If there appears random cat pee around the litter box, try some of those large blue pee pads. They worked well when one of ours was quite old and could make it to the litter box but then she would miss every. single. time. Much happier than scrubbing out carpets.

  11. When we had to medicate our feline, we had the most success with using a mortar and pestle to grind up the pill and mixing the pill dust in SUPER AWESOME AND TASTY FOOD THAT WE NEVER FEED HIM BECAUSE WE HATE HIM. (The last part of that is according to the cat, never mind the fact that we actually take great care to not shut the door on his head, which we totally would NOT do if we hated him)

  12. A compounding pharmacy can make liquid fish-flavored formulations of most medicines. This worked well for a while during my cat Holly’s final days. The constraints seem to be that the cat has to have an appetite and the underlying medicine can’t have too strong a taste.

    My experience with Pill Pockets is that they’ve worked well for cats with a very healthy appetite, but their size can be an issue for cats that are less enthusiastic about gobbling down treats.

  13. We also use a compounding pharmacy for two lifelong medications. Previously, we’d find the pills we were sure had gone down his throat in random spots throughout the house. Now, the cat waits patiently for his daily chicken flavor liquid rx and we no longer sport claw marks. Everybody’s happy.

  14. Pill pockets are too large for my kitties; they bite into them and pleh. A pill popper has worked well for our semi-regularly medicated guy, and then there’s always fudz tiem after.

    The full hatred of The Radiant She must be thermonuclear.

    I’ve become more appreciative of the charms of Lopsided Cat this year. He’s quite the handsome guy.

  15. I have about an 85% success rate with Pill Pockets and my grumpy hyperthyroid tortiseshell, who is one twice a day pills. The rest of the time she eats the pocket and spits out the pill, resulting in the “throw the pill down her throat” game, which seems to work better for us than the pill popper.

  16. Thirding the love for compounding pharmacies: I’m drugging two geriatric cats twice daily (one for hyperthyroid, one for arthritis) and the liquid is much less stressful for all of us.

  17. Are the tiger stripes on the dog in the picture with the rainbow anything close to its natural coloration? The picture’s obviously been fiddled with a bit; how much of that look is actually on the dog? It’s fascinating.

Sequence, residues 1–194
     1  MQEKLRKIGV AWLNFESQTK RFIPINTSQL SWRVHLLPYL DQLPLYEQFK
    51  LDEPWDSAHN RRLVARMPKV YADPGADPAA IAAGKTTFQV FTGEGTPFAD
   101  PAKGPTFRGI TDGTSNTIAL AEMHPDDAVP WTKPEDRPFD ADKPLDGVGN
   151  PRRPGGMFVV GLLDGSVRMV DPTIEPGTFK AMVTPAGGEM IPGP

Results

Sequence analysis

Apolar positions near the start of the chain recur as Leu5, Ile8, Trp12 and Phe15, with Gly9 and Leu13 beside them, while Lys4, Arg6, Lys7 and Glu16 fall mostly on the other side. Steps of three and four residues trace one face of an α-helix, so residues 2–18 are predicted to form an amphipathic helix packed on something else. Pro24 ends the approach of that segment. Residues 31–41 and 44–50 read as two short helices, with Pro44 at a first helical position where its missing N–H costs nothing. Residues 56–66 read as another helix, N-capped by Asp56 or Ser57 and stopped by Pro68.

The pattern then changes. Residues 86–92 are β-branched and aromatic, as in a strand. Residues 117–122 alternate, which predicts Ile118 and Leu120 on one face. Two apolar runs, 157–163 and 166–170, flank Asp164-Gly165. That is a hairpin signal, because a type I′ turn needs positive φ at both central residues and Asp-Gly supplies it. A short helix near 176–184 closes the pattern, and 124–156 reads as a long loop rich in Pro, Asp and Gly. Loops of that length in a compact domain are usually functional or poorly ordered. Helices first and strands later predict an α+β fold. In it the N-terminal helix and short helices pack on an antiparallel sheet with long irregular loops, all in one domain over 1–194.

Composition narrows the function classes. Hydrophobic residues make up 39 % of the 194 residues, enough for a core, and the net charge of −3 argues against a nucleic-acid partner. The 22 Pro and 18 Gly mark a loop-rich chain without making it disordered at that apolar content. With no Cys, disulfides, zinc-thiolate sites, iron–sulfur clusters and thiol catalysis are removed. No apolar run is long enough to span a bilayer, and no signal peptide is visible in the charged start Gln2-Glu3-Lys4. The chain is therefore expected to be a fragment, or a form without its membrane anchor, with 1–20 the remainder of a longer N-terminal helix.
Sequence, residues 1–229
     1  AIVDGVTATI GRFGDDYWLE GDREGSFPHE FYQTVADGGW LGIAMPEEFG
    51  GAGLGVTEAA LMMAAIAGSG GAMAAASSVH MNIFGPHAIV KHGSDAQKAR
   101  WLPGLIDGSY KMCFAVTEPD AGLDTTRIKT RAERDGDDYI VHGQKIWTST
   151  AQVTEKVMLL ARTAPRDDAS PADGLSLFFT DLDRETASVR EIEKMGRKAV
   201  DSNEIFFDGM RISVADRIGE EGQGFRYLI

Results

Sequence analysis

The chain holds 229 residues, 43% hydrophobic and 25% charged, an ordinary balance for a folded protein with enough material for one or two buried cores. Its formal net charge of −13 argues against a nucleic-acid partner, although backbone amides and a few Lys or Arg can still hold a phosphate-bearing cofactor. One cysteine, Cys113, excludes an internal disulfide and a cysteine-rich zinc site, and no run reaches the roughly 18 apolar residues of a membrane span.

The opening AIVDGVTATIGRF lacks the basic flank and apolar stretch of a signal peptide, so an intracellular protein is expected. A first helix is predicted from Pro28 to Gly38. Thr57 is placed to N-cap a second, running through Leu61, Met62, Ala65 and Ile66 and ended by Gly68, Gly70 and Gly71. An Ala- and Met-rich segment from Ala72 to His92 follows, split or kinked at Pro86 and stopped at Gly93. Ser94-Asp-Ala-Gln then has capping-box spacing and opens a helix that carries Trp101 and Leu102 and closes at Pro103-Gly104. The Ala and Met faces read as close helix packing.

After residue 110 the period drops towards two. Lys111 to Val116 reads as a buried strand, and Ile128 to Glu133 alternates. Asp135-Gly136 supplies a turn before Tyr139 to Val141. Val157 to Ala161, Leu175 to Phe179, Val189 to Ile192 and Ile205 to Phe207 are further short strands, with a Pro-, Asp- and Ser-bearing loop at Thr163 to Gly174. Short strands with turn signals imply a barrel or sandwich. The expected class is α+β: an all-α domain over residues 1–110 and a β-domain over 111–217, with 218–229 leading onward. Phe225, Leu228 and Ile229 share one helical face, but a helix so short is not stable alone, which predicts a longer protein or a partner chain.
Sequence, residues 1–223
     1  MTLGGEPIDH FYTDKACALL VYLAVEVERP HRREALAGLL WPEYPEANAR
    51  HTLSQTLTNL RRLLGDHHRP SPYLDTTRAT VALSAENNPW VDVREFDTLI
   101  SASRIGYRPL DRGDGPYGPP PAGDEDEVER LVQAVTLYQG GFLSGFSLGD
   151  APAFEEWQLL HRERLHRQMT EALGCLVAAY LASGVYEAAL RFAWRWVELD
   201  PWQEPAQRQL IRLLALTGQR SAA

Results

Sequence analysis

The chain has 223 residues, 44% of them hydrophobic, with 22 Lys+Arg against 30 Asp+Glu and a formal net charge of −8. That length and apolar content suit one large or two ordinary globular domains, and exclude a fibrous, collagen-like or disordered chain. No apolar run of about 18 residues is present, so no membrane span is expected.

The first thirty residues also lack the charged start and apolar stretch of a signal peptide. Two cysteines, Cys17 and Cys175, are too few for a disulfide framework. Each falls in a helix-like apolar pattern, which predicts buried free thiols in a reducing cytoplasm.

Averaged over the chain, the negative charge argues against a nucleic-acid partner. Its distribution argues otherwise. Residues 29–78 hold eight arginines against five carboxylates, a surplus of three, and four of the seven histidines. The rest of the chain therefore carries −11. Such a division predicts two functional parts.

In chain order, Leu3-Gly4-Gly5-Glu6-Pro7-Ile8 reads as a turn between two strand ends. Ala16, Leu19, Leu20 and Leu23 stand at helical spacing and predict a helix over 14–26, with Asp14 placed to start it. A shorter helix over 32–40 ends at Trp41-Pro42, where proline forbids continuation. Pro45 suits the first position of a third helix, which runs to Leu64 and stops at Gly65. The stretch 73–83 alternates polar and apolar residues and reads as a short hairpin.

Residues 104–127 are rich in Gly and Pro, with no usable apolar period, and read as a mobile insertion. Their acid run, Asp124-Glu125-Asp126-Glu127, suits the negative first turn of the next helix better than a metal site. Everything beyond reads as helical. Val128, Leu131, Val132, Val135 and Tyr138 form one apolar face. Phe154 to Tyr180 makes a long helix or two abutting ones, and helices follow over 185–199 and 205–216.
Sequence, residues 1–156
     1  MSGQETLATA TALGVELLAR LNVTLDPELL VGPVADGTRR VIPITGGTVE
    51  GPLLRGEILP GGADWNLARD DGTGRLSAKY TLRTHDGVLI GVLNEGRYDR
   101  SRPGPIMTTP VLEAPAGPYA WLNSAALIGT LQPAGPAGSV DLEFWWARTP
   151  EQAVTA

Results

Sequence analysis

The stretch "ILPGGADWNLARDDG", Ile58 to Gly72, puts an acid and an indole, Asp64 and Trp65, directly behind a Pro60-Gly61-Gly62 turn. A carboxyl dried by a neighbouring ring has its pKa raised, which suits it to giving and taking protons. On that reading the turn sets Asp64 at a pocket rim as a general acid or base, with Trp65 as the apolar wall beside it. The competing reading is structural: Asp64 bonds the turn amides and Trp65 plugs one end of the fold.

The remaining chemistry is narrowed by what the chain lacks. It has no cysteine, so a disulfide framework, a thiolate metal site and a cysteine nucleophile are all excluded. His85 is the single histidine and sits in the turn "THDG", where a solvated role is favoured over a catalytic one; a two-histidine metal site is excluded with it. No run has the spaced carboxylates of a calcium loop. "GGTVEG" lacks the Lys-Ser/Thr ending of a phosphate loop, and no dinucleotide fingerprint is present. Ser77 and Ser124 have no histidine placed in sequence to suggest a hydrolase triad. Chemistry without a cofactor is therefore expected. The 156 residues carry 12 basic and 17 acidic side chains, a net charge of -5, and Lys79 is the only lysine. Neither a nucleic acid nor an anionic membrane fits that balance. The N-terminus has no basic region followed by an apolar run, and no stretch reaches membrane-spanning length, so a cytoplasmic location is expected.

18. The things I suggest to clients (and we do usually have to try more than one because cats are…cats.):

    1.) pill pockets can work, or can be used as a training aid (one client had his cat trained to come to the ring of a bell, get a pill pocket, get the pill in a pill pocket, then get another pill pocket

    2.) Wedgewood pharmacies flavor-tabs (Gourmeds) in the chicken or fish flavors work for a LOT of cats and can be compounded into either a pill or a liquid and shipped to your house; if there isn’t a pharmacy close to you that does this stuff it’s a great option

    3.) If flavored liquids or pills are just not going to be up her alley, I have a compounding pharmacy make transdermal formulations of several meds for cats. Not all meds are possible this way but many are. You put a gel on the ear once or twice daily depending on the medication.

  19. My cat was given six months to live due to kidney failure, and I ended up shoving those pills down her throat for seven-and-half-years. The pilling never got easier but it was worth it. Best wishes to Ghlaghghee!

  20. I love the picture of Ghlaghghee sitting sort of upright. It screams “I’ll get you for this, Scalzi!” Hope her remaining days of plotting revenge are lengthy and comfortable.

  21. If the internet was only animal pictures, think about what a relative boost that would be compared to the world as it is now. No, we are not discussing brand new ways to save humanity, but hey we are not calling someone worse than Hitler for liking the Venture Brothers more than Archer either. I’d like to believe that there is a place like that somewhere, maybe Utah.